Through me, the way to to the city of Whoa.
Chris Hudak Grills Jonathan Knight (Executive Producer, Dante’s Inferno)
Chris Hudak (GR Executive Vodka Sponge): Obviously, one has to take a lot of liberties with the subject matter—an alternate take on the Inferno of Dante’s Divine Comedy—in order to make a playable and good game. When designing Dante’s Inferno, what were some of the design “lines” you decided to cross (Cross?) or not, in the name of gameplay? How important did you feel it was—while first and foremost delivering an enjoyable gaming experience, of course—to adhere to the spirit, plot points, etc., of the inspirational subject matter?
[image1]Jonathan Knight: The original poem contains such an incredible wealth of imagination, particularly when it comes to the setting and the characters, that we tried to be fairly literal in bringing the geography of hell to life as Dante Alighieri envisioned it. Where we had to take some liberties was with the story itself. In making a game, we needed to weave a new plot—one that involves the familiar characters of Dante and Beatrice—but one that fuels drama and conflict. We needed to give Dante a reason to be fighting, fighting through the nine circles of hell to save a beautiful woman.
CH: Without giving too much away, what were the greatest technical challenges in the design of this game? It seems the automatic response is to superficially compare Dante’s Inferno to the God of War series, but let’s hear about the elements that distinguish it from existing games, and what will make it new and compelling.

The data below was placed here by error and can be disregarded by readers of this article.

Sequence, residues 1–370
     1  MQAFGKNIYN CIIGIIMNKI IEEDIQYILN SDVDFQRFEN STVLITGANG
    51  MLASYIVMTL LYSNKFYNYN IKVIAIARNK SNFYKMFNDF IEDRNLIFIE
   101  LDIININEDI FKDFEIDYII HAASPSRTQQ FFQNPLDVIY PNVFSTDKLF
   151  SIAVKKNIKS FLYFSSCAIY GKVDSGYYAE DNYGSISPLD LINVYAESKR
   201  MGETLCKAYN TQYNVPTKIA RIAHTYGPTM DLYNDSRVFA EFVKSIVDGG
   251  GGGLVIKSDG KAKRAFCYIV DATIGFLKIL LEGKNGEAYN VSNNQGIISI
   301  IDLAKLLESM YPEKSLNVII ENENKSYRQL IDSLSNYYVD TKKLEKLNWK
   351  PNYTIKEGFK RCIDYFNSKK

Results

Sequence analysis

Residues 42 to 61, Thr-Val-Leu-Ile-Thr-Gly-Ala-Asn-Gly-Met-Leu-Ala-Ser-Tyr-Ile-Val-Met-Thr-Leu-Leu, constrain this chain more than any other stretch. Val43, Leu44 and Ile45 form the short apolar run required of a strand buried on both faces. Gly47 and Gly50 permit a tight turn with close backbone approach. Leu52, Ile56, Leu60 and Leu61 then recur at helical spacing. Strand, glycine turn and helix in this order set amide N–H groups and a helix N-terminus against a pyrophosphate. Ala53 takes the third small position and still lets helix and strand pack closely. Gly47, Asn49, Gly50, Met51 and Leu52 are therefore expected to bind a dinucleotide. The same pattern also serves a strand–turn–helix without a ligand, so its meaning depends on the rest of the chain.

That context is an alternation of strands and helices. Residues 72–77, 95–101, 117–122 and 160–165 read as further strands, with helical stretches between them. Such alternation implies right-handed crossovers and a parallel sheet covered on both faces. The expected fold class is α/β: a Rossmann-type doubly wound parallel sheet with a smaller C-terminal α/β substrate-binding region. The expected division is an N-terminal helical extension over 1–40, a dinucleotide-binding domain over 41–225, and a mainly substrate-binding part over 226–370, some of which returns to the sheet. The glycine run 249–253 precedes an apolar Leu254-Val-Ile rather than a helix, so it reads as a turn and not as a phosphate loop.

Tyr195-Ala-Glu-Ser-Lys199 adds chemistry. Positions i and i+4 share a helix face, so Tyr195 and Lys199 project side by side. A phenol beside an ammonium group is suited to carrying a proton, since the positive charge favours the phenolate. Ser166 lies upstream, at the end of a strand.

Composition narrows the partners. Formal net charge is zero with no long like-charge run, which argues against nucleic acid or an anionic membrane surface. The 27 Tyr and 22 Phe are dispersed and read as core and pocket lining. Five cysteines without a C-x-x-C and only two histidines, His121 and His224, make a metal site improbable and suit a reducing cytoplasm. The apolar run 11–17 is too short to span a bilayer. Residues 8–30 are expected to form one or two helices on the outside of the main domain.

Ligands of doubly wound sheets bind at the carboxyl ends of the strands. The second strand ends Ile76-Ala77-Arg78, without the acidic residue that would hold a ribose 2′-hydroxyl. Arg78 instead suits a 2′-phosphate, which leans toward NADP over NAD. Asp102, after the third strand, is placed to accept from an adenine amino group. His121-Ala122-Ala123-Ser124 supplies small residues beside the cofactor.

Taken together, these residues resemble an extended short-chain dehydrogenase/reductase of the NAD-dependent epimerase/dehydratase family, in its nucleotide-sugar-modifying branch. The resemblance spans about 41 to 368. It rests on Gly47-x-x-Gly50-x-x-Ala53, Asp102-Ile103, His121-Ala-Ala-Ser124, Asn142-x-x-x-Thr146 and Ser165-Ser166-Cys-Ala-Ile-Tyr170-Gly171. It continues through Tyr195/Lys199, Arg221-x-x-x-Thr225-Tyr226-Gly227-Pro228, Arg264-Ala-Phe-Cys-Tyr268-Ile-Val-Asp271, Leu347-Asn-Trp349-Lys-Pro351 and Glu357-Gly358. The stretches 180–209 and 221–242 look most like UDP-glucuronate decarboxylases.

JK: Well, one of the biggest technical challenges was to maintain a constant 60 frames per second, and we think this really separates us from a lot of the pack. Beyond that, we dove pretty deep into what we call the Righteousness system, giving players the ability to either punish or absolve their enemies and the damned souls they encounter. This in turn earns them holy and unholy experience, which will eventually level them up down either path, and open up new powers and abilities.
CH: How much weight (indeed, if any at all) was given to the possibility, or certainty, of certain groups out there taking offense at the ‘religious’ nature of the game’s subject matter (or at least, the game’s ‘location’)? In the end, was it much ado about nothing? Did you find yourself wanting to include—or having to scrap—elements of the game due to a “well, they’re not gonna allow us to get away with that” mindset?
JK: No, not at all. First, to be frank, there just hasn’t been much protest around the religious content—most of the controversy comes from the fact that we’ve had to change certain elements of the original material. And second, at Visceral Games we have been given great creative latitude in making the game we wanted to make, with the content that we think is appropriate to the fantasy laid out in The Divine Comedy. This 700-year-old poem is well known to be an allegory and a work of fiction, and I think everyone who looks at it closely understands that.
[image2]CH: Can you talk in any detail about which Circles or other Inferno ‘touchstones’ were the most difficult to present, or to translate to meaningful gameplay? Use the back of the Internet if necessary.
JK: We found it challenge to imagine Lust, Gluttony, and Greed, to be honest. Those circles are glossed over fairly quickly in the poem, but in order to make a continuous adventure through the nine circles, we had to fill in the blanks and imagine the full geography of these levels. Fortunately, we worked with some amazing conceptual artists—most notably Wayne Barlowe—who helped us push boundaries and imagine full worlds made out of those sins.
CH: It’s hard to think about such a game project and not automatically think about the fun you’d have devising all the attendant viral-marketing goodies. Can you talk about some of these, and which were your favorite, and which caused the most potential ‘friction’?